The Top 7 Dog Breeds Who Shed The Most

Andrea A.

To the dismay of many a pet owner, all dogs shed. But some shed more than others - especially those that come from colder places. Here are 7 dogs who you might want to keep away from the furniture!

1. The Chow Chow

Source: The Dogist

Coming from central Asia, the Chow Chow first appeared in Europe in the 19th century. They have strong personalities and need a firm hand to cope with their stubbornness. They also need to be brushed regularly so that they don't get knots in their fluffy fur.

2. The Akita

Source: The Dogist

The Akita, or Akita Inu, comes from Japan. Their name literally means 'dog from Akita' in Japanese, and they were used as hunting dogs. Like the Chow Chow, they are stubborn and need regular brushing to keep their coat healthy.

3. The German Shepherd

Source: The Dogist

This very popular breed is seen in families and public services alike, as they make both amazing pets and fabulous working dogs. They are affectionate and loyal, as well as intelligent. They shed a lot during at one point in the year, when their winter coat falls out in the Spring, but you can lessen this with regular grooming.

4. The Great Pyrenees

Source: The Dogist

The Great Pyrenees is a very old breed, used in the middle ages to guard herds of sheep and cows. They are strong willed, yet affectionate. A weekly brush is enough to keep them neat and tidy, aside from when their winter coat sheds, when they need to be brushed daily.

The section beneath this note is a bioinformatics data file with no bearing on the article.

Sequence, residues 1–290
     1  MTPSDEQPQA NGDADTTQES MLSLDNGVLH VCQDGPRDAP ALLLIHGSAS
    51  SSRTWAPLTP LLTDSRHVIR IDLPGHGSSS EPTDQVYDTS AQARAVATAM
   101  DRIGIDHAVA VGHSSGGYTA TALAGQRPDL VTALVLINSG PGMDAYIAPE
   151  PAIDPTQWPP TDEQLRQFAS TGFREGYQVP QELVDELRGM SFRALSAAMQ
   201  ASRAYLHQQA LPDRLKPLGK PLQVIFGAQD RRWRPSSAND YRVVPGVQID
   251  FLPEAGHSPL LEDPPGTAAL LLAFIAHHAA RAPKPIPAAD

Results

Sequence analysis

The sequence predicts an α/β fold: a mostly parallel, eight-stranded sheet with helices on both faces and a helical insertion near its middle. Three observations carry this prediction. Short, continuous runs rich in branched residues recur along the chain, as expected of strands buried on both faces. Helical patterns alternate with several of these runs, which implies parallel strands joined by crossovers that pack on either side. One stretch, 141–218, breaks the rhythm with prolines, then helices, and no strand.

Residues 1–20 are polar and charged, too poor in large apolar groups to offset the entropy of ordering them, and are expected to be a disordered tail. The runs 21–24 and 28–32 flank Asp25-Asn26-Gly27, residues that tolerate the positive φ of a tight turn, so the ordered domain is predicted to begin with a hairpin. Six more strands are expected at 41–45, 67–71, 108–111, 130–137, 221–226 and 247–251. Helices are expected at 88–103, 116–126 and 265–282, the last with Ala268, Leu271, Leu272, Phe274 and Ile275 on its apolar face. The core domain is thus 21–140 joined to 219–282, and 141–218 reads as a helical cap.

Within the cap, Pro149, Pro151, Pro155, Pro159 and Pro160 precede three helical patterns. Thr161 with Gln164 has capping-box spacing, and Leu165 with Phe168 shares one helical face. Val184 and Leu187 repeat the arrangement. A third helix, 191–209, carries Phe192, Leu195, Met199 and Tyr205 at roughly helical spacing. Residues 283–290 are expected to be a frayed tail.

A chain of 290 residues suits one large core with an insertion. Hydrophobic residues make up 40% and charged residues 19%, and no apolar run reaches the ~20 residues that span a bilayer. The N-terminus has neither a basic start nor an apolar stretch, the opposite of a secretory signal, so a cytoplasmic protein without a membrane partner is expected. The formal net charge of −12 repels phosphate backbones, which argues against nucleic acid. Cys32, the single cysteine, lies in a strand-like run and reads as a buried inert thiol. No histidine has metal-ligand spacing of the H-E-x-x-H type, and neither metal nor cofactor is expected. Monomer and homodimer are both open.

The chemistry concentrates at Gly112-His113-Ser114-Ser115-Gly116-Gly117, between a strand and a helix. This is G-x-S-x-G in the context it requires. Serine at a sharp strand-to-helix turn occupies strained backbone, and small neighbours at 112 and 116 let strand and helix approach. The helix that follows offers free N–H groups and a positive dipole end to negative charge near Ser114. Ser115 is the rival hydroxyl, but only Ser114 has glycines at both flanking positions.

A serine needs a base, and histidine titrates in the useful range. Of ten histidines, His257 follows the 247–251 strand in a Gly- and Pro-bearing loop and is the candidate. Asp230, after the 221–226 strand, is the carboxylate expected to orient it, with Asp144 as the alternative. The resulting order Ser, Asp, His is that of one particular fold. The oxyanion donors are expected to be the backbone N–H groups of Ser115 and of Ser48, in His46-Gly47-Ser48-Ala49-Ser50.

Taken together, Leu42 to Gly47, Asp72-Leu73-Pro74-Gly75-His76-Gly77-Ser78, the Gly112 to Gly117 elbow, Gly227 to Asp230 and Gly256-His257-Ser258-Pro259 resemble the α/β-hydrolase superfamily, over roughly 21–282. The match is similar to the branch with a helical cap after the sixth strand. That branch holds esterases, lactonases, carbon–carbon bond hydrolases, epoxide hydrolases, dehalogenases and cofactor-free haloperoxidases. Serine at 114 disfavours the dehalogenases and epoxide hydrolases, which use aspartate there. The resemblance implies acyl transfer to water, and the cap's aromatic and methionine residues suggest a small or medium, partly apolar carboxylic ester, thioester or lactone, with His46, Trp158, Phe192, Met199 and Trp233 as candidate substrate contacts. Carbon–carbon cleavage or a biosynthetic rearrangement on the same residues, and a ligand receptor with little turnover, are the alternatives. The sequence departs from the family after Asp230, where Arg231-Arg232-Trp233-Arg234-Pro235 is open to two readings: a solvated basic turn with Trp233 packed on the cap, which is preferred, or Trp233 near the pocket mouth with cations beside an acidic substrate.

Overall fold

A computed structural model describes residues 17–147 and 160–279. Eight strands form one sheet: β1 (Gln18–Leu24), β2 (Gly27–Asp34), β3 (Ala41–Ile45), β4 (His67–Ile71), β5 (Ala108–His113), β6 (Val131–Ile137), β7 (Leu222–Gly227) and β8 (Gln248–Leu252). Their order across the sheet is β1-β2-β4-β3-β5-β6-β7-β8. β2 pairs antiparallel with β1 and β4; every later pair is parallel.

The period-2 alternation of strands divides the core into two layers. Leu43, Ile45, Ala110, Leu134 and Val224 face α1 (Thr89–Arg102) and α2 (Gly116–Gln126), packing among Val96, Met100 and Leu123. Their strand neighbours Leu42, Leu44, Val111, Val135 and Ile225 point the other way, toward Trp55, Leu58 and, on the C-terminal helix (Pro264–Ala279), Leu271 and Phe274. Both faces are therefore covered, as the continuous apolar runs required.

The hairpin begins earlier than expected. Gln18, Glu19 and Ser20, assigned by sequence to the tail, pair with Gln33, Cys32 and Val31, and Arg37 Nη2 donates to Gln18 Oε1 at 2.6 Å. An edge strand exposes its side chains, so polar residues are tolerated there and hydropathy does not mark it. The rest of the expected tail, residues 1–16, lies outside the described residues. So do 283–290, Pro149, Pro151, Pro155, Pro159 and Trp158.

5. The Siberian Husky

Source: The Dogist

Popular for their beautiful looks and cheeky personalities, Huskies do need experienced owners, due to their active nature and high intelligence. They shed a lot when their summer coats come in, which is unsurprising when you see how thick and fluffy their fur is.

6. The American Eskimo Dog

Source: The Dogist

Despite what their name might suggest, the American Eskimo actually comes from Northern Europe. A member of the Spitz family, they are lively canines who love to bark. They need regular grooming to keep their coats fluffy and soft.

7. The Alaskan Malamute

Source: The Dogist

The Alaskan Malamute is one of the world's oldest breeds of sled dogs. Their name comes from the Mahlemiut people of Alaska. Loyal, affectionate and playful, they make perfect family pets. Although they have a reputation as being very clean dogs, they still shed a lot, especially when they molt twice a year.

H/t: IHeartDogs

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